In the conclusions of the World Food Conference, in fact, it was emphasized that hunger and malnutrition are not phenomena that are natural or even an endemic evil in certain parts of the world. The truth is that they are the result of a more complex situation of underdevelopment, poverty, degradation. Hunger is an aspect of a certain structural condition — economic, social and cultural — strongly opposed to the full realization of human dignity.

As a matter of fact, this is the perspective which is summarized in the Preamble of FAO’s Constitution, which proclaims each country’s commitment to raise its own nutritional level, to better the conditions of agricultural work and of rural populations, so as to increase food production and set in motion an efficacious distribution of food in every part of the globe.


The right to nutrition rightly figures among the first and fundamental rights of the person, not only as an integral part of the right to life of each individual, but, I would dare to say, as an essential condition of that right to life.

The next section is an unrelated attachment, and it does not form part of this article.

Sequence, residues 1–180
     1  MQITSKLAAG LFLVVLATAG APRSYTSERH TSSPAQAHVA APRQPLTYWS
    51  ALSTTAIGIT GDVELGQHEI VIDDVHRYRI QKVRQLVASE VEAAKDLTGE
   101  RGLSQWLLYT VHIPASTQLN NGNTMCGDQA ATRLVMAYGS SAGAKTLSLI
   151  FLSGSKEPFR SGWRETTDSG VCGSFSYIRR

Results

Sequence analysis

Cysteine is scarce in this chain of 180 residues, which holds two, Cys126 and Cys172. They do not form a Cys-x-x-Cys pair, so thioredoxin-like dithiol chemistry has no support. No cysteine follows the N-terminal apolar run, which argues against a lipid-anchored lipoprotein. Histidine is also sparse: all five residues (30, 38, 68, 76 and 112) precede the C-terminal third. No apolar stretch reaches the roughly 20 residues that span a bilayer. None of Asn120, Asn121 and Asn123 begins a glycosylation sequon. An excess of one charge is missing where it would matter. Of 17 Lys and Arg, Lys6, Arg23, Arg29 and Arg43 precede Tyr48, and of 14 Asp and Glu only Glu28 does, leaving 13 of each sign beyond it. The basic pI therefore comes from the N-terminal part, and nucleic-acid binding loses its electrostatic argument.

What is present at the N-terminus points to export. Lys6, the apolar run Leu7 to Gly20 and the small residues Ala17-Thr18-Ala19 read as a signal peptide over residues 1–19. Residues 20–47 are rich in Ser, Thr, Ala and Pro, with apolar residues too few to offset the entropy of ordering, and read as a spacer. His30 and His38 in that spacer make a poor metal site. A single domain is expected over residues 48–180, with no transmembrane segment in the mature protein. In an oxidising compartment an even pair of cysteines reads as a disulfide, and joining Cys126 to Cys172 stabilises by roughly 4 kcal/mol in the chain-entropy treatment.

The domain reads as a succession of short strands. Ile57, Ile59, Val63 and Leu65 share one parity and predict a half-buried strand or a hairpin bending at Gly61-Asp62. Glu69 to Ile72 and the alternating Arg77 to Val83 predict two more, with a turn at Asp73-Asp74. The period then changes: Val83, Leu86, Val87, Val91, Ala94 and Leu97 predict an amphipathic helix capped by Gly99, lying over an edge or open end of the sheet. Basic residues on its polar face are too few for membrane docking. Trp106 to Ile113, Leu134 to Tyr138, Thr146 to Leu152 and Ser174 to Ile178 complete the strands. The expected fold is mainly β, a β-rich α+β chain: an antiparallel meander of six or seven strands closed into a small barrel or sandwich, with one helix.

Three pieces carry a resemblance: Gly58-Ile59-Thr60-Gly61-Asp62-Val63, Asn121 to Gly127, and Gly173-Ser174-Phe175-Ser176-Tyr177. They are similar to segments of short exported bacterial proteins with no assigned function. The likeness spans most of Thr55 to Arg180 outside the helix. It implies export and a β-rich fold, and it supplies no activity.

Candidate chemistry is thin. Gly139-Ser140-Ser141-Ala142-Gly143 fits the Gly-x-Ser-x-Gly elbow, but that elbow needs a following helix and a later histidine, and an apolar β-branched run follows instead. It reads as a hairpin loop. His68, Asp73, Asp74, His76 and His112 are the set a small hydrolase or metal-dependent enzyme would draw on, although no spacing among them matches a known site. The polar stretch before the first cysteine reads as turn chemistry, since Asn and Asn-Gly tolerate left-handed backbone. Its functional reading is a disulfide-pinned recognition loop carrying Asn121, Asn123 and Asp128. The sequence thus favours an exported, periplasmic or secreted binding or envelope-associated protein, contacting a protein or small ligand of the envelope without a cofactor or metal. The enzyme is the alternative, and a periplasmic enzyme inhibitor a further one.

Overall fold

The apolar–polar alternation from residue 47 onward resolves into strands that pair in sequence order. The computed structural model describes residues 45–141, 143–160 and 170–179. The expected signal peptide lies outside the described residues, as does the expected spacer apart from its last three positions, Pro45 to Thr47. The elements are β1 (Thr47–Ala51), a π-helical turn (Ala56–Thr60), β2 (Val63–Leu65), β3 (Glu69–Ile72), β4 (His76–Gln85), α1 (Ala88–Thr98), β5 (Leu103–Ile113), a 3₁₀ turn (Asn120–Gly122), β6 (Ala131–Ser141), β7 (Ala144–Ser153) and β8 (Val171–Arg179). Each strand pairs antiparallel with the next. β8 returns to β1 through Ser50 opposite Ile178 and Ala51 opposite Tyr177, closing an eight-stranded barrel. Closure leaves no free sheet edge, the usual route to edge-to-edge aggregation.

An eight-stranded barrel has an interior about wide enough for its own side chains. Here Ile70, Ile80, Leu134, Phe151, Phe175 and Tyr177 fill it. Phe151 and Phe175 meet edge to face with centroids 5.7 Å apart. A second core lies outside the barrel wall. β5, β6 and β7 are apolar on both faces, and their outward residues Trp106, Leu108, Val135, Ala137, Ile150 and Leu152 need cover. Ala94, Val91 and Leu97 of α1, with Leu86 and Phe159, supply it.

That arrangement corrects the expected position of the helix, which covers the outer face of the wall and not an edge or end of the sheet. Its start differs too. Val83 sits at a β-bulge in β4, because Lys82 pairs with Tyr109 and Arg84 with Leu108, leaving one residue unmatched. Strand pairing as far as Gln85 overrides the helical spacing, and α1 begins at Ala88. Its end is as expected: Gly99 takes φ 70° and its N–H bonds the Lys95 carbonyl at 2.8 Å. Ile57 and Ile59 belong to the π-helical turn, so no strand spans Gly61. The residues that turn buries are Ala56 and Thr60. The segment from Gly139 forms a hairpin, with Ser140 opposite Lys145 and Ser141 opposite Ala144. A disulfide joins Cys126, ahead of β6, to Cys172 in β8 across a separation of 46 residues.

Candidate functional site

How can we forget this fact at the moment when the international community is preparing to give due attention to the Universal Declaration of Human Rights, 50 years after its proclamation? Likewise, the commitments subscribed to at the conclusion of the recent Food Summit have appropriately identified the community dimension of that fundamental right in the right to food security on the part of peoples, groups and States.

Hence FAO’s objective remains a primary one and has become all the more necessary to attain in our day. It is tangibly clear that underdevelopment, poverty and hunger, which undermine the normal co-existence of peoples and nations, can become causes of tension and hence threaten international peace and security.

We see sad situations in which people are dying of hunger because peace has been forgotten and security is not guaranteed, or in which people fight one another in order to satisfy their hunger to the point of forgetting their own humanity.